Equity Group Holdings has kicked off the year strongly, posting a 22 per cent growth in net profit to Sh5.9 billion for the first three months of 2018.
Releasing the results for the first quarter ended March 31, 2018, in Nairobi yesterday, Chief Executive James Mwangi said he anticipated a stable business environment in all the six markets the group operated in this year.
“Generally, the East African region has no election in the next three years. We expect a robust environment for our business,” said Mr Mwangi.
At Sh5.9 billion, Equity’s profitability for the quarter under review is more than that of its rival Kenya Commercial Bank (KCB), which posted Sh5.1 billion. Last year, Equity was also ahead in the first quarter, but KCB beat it in full-year earnings.
During the quarter under review, Equity’s total income jumped nine per cent to Sh16.5 billion from Sh15.2 billion posted in the previous quarter even as costs declined by one per cent.
Interest income on loans and advances to customers grew by seven per cent to Sh8.8 billion. Interest on government securities also jumped by 25 per cent to Sh3.7 billion. The two items helped grow interest income by 10 per cent to Sh12.7 billion.
The bank put Sh150.2 billion into government securities, up from Sh113 in the previous quarter. The lender’s total loan book expanded by four per cent to Sh271.1 billion.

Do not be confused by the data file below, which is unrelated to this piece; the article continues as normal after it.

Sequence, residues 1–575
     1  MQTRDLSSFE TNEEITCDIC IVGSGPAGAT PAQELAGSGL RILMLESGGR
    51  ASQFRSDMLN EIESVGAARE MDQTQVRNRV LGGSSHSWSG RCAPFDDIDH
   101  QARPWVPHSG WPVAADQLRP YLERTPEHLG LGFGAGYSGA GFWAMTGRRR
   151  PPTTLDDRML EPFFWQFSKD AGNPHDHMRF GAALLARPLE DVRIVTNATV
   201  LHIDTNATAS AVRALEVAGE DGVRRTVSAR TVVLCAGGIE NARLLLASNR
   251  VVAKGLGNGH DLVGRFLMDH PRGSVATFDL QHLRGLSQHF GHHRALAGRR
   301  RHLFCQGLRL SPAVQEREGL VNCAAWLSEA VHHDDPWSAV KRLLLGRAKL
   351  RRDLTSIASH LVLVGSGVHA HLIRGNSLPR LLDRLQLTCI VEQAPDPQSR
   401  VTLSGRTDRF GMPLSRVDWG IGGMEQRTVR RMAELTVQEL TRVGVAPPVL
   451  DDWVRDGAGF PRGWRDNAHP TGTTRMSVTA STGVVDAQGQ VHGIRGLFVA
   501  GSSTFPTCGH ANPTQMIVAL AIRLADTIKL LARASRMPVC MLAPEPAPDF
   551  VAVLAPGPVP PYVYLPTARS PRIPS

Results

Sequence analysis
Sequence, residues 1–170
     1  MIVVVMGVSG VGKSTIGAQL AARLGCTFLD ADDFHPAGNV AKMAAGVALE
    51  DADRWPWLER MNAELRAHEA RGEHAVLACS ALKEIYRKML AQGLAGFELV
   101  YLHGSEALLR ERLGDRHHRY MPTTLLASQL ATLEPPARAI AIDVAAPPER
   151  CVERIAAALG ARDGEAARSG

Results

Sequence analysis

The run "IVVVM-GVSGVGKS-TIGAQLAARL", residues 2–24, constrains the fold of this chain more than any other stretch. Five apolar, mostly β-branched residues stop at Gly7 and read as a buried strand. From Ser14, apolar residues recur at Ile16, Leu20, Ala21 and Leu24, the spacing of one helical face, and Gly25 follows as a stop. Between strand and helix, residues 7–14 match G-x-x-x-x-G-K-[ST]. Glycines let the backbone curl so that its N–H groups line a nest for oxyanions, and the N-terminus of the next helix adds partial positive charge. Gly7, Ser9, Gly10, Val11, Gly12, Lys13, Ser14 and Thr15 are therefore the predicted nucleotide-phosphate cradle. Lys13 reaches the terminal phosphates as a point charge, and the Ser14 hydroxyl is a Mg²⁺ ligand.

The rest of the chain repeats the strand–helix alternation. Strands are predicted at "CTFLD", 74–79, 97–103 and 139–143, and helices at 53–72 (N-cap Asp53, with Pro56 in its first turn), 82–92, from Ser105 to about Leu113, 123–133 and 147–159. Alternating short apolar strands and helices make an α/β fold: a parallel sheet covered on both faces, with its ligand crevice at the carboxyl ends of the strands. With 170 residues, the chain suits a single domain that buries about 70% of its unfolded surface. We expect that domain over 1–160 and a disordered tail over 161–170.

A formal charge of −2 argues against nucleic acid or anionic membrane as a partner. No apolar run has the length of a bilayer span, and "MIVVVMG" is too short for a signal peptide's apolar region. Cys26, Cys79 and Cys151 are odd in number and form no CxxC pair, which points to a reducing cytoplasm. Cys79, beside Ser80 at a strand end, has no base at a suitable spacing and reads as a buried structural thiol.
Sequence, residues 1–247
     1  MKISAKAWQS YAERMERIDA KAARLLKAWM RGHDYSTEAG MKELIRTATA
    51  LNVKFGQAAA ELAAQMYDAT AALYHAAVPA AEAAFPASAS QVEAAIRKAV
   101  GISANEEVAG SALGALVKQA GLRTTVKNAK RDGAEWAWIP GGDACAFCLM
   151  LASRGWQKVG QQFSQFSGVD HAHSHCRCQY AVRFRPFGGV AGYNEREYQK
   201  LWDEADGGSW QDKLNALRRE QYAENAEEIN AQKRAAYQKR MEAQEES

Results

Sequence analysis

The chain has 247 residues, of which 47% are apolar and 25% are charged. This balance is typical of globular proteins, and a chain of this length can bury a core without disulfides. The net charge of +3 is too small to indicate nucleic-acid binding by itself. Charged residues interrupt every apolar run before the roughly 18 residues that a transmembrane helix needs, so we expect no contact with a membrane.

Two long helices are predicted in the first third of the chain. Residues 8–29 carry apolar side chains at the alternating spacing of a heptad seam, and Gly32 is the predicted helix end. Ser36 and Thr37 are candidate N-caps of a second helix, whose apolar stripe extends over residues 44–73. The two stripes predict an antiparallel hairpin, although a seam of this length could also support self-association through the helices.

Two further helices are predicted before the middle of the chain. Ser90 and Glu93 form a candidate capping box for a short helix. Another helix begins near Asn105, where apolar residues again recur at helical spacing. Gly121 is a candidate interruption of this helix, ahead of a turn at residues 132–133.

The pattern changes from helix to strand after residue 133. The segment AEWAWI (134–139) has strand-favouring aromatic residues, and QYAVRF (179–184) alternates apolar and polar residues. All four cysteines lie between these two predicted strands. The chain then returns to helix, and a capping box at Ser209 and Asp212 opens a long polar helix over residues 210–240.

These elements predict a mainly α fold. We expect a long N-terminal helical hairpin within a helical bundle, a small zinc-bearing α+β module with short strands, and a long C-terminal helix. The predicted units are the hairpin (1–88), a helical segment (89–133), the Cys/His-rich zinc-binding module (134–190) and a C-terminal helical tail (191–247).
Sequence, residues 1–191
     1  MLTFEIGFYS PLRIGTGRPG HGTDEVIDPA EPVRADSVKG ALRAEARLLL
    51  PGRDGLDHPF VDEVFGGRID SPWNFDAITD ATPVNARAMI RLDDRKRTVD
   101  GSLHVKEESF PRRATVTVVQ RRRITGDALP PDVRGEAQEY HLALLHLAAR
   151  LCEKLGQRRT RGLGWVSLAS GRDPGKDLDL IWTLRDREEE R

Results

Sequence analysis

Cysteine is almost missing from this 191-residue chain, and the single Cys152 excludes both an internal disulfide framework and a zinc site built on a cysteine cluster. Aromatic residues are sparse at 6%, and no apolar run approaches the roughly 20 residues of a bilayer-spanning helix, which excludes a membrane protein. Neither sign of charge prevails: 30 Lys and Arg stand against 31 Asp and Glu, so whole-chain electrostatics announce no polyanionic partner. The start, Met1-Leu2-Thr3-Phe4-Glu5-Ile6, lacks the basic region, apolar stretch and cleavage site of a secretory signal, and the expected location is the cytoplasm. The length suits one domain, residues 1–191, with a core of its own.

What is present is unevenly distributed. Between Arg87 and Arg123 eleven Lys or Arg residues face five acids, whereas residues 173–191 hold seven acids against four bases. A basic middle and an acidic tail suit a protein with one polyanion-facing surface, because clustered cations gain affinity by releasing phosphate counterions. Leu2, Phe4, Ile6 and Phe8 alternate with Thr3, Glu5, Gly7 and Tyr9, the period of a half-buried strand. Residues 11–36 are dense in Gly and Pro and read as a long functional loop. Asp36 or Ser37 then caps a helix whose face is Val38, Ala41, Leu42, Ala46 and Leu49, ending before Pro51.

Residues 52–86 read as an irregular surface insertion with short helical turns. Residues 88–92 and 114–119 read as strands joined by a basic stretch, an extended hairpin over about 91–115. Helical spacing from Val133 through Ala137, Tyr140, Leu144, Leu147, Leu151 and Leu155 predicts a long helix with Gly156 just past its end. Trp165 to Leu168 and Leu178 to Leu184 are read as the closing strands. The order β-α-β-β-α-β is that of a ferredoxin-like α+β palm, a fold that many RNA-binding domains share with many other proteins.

Non-interest income grew from Sh6.3 billion to Sh6.7 billion. The growth came from areas such as trade finance, merchant commission, mobile banking commission and bond trading. They all expanded by double-digit percentages.
According to Mwangi, 97 per cent of transactions were on digital channels even though the bank retained its 283 branches. However, in terms of the value of transactions, the branches maintained a huge lead.
Operating expenses reduced from Sh8.31 billion to Sh8.2 billion, supported by a 55 per cent cut in loan loss provisioning to Sh359 million.
“We will see increasingly less provisions in non-performing loans since we have already recognised the potential for future default of new loans to reflect the new (accounting) standard,” said Mwangi.
He explained that the bank had booked Sh9.8 billion as provisions on the Sh265.3 billion loans that were in its books before the onset of the International Financial Reporting Standards (IFRS) 9. However, this only has an impact on capital and not the income statement.
Unlike in the previous International Accounting Standard 37, where banks would wait for loans to go bad before provisioning, IFRS 9 dictates that a provisioning is made once commitment for disbursement has been made.